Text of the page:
Swedish pop star Zara Larsson is an engineer of musical roller coasters. Her songs offer whirlwind rushes of adrenaline, fading to leave listeners craving more of her infectious vivacity. Released March 5, Larsson’s third studio album Poster Girl follows this well-established pattern as a cohesive collection of lively, sensual songs. While the album provides a mirthful ride about the fundamental ups and downs of love, its fast-lane fun is fleeting. Behind a thin sheen of glamorous production, Poster Girl somehow finds very little to say in its 40-minute runtime.
The album begins in a dreamlike place that Larsson christens “Love Me Land,” a lucid world of radiant love. Fancifully mixed with warbly beats and dramatic strings, Larsson revels in pure passion, infusing this opener with a celebratory energy that sets a high standard for the next 11 tracks. But as she sets a standard, she also demarcates her limits; Poster Girl never wanders outside the boundaries of love as a subject matter, occasionally wandering into tedium as a result.
Larsson consistently leads with her heart and not her head — purposefully devoid of any slow or sweet ballads, Poster Girl is solely electric pop. Larsson lives and loves freely, and this pride translates cleanly into her music. “I don’t wanna talk about love,” she blurts out on a catchy track ironically titled “Talk About Love,” which features Young Thug. The momentous chorus of post-breakup anthem “Look What You’ve Done” is a burst of euphoria, and Larsson yearns for chaotic love with her lead single “Ruin My Life,” engulfed by a hard-hitting chorus of emotional disarray and longing. Here, Larsson breathes in moments of glory without contemplating future consequences, making it clear the present is her one and only concern.
Along with this embrace of exuberant glory, however, comes a carelessness. Larsson’s lyricism begins to wither as she relies too heavily on innovative production. Her lover won’t give her the time of day on “Right Here,” where she sings that “I could be naked at dinner/ And touching the waiter” and still wouldn’t get their attention. Later in “What Happens Here,” Larsson sings cliches such as “I’ma do it cause it’s what I want” with no original twists. Admittedly, deeper themes exist beneath this tacky lyricism — wanting to feel loved, female empowerment — but these tracks are overly simplistic, vapid representations of such matters.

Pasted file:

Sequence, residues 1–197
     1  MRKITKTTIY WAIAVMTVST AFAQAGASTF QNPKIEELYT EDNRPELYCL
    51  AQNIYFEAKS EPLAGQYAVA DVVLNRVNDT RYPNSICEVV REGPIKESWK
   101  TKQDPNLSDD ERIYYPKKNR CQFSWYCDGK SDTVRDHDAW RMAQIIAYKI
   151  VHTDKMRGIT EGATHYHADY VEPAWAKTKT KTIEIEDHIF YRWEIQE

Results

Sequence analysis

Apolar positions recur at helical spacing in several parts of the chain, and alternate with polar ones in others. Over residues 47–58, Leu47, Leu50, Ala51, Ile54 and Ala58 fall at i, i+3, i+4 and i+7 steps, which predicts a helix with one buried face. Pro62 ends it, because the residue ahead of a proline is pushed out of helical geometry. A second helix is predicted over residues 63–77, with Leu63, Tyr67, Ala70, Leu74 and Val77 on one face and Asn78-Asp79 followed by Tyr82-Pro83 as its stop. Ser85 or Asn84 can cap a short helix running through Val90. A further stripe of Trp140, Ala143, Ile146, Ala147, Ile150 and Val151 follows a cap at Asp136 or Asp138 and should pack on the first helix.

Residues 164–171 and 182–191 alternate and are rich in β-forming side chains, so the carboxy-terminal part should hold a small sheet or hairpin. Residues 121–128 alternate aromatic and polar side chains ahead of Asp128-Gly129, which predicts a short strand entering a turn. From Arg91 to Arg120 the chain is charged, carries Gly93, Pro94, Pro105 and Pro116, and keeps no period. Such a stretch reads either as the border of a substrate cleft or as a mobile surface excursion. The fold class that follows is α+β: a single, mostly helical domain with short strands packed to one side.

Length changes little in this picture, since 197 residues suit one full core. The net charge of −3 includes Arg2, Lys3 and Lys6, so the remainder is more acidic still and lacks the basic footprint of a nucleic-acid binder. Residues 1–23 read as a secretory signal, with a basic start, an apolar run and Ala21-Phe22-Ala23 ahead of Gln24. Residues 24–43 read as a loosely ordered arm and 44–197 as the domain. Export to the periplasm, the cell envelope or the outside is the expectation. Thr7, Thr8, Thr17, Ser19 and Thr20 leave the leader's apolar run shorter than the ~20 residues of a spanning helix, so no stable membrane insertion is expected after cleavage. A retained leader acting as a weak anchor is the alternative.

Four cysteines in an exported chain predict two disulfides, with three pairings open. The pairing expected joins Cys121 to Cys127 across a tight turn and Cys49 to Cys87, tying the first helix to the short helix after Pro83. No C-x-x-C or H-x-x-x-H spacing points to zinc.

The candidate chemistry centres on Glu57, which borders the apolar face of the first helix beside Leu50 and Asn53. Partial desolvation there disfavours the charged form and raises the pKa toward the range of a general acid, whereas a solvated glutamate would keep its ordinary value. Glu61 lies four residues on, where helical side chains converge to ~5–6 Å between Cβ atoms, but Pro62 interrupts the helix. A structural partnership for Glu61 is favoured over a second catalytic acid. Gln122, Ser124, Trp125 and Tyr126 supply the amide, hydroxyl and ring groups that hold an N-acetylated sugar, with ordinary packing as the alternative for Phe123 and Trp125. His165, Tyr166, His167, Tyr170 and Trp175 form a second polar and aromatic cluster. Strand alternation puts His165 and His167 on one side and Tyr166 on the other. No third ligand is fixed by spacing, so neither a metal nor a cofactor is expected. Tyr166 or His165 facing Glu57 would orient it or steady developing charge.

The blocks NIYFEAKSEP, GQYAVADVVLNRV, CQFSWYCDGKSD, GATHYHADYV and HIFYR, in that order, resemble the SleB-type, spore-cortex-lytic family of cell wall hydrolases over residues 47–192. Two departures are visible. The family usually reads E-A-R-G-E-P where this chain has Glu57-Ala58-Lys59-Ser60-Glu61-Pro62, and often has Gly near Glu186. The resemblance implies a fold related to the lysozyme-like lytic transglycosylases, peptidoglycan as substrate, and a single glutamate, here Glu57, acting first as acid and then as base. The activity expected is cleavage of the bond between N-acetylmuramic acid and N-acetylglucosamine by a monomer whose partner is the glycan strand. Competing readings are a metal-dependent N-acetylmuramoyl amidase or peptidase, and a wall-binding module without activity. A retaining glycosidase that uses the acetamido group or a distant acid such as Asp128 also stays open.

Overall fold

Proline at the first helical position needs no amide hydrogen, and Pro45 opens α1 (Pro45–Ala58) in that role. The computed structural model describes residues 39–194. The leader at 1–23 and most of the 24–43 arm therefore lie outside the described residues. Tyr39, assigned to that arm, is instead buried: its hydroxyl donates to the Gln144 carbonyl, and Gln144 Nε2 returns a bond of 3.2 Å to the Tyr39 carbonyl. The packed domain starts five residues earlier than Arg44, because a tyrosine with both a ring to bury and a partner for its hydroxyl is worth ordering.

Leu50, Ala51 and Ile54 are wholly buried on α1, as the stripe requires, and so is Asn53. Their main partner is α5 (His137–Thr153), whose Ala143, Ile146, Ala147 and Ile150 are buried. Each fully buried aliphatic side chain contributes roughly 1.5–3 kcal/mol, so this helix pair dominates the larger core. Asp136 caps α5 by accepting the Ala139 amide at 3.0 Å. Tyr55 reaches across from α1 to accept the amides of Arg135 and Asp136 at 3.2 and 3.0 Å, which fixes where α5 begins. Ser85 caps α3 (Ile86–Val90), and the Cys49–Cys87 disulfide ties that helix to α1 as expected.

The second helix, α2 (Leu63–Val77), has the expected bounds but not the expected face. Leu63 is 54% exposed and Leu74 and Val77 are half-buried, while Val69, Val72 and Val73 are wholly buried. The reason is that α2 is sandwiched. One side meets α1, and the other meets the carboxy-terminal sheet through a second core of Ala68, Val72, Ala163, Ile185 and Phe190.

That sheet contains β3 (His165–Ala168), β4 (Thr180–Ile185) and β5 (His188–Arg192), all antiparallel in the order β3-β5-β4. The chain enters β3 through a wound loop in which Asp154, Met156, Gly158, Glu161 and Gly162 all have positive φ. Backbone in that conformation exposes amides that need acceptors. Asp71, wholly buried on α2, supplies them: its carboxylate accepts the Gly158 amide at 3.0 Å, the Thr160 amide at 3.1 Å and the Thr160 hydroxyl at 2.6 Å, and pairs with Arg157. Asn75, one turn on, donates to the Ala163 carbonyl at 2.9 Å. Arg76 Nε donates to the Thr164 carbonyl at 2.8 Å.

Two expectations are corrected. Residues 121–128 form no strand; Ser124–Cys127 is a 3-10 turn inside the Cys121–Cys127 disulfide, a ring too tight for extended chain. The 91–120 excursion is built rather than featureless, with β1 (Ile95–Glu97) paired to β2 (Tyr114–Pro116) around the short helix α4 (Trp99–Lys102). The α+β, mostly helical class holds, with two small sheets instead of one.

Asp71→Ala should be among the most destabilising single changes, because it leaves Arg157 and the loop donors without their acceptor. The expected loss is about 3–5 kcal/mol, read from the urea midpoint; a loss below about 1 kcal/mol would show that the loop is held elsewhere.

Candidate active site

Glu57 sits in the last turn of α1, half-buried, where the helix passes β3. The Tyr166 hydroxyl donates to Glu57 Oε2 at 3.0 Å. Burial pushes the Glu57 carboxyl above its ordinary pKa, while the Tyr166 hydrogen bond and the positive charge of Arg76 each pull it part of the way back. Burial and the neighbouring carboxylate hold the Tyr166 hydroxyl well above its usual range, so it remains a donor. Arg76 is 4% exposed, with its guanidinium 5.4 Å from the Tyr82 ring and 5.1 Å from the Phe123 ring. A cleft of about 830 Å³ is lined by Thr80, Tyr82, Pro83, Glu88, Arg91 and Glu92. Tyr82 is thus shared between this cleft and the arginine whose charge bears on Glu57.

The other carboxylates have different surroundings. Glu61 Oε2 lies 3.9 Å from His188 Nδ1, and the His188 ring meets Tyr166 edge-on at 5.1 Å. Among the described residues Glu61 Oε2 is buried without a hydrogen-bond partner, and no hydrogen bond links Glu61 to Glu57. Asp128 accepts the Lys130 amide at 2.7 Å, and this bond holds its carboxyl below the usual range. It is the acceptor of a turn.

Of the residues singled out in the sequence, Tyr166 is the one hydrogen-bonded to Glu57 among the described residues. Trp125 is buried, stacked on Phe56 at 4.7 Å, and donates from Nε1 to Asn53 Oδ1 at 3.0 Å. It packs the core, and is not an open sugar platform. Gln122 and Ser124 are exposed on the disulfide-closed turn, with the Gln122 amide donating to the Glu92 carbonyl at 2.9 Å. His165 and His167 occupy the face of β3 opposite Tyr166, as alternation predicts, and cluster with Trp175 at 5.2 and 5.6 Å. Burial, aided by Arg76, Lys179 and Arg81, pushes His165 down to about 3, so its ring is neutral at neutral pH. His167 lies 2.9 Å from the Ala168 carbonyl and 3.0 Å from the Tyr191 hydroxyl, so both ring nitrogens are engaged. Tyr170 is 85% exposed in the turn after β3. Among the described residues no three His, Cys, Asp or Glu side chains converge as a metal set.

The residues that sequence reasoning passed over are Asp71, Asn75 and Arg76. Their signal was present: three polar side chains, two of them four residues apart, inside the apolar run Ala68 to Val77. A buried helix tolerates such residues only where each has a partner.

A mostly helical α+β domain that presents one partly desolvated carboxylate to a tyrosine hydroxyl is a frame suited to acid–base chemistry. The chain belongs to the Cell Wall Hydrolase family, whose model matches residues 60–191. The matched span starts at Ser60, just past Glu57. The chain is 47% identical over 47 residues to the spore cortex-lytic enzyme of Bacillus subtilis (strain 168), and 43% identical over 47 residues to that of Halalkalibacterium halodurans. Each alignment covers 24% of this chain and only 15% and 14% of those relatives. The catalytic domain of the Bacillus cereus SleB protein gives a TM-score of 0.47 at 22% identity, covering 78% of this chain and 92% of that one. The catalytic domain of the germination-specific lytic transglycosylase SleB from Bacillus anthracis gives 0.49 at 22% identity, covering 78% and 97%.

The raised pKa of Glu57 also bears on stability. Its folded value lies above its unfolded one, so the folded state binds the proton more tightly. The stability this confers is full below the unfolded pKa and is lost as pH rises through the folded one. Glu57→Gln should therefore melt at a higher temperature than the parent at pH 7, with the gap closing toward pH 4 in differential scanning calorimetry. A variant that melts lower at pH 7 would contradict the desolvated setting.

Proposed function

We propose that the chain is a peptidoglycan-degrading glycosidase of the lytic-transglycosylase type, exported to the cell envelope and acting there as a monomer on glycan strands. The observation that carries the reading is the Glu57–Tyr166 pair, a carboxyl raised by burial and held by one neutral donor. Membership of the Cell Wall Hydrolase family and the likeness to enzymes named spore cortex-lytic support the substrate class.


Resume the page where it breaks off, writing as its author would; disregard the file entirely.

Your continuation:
Larsson has never been one for nuance in her music, which is both a blessing and a curse. On Poster Girl, she generally pulls off this straightforward approach with heavy lifting done by the album’s dynamic production. She makes listeners hold their breath for the chorus of “Wow,” which erupts as a voltaic shot of throbbing dance party pop that’s obnoxiously captivating. Other times, her lack of nuance comes across as lazy — “I Need Love” doesn’t lend itself well to Larsson’s high-pitched, hollowly beautiful voice, and “Stick With You” is especially derivative with its “break up/makeup” rhyme.
However, even with such banal lyrical faults, Larsson’s music remains upbeat. Animated, funky bass lines thrive on album highlights “Need Someone” and “FFF.” Poster Girl presents as a blithe fusion of mainstream dance-pop and contemporary R&B, and consistency in its zestful production uplifts — though sometimes carries — Larsson’s passion.
Poster Girl, by title, suggests some relevant introspection regarding fame or womanhood, but for the most part, Larsson rarely delves into anything truly weighty. Her album is pop escapism in more ways than one — as Larsson molds her unrestrained love into digestible dance music, she also escapes profundity. The glittery album holds its ground for a while, but it eventually dissolves into lovesick, sugary nothingness.
In “Stick With You,” Larsson’s lyric “We in a bubble with only good vibes” serves as a rather precise synopsis of her album. Poster Girl is bubblegum pop at its heart: Though Larsson might get a few fun songs stuck in your head, it won’t be long until her bubble bursts.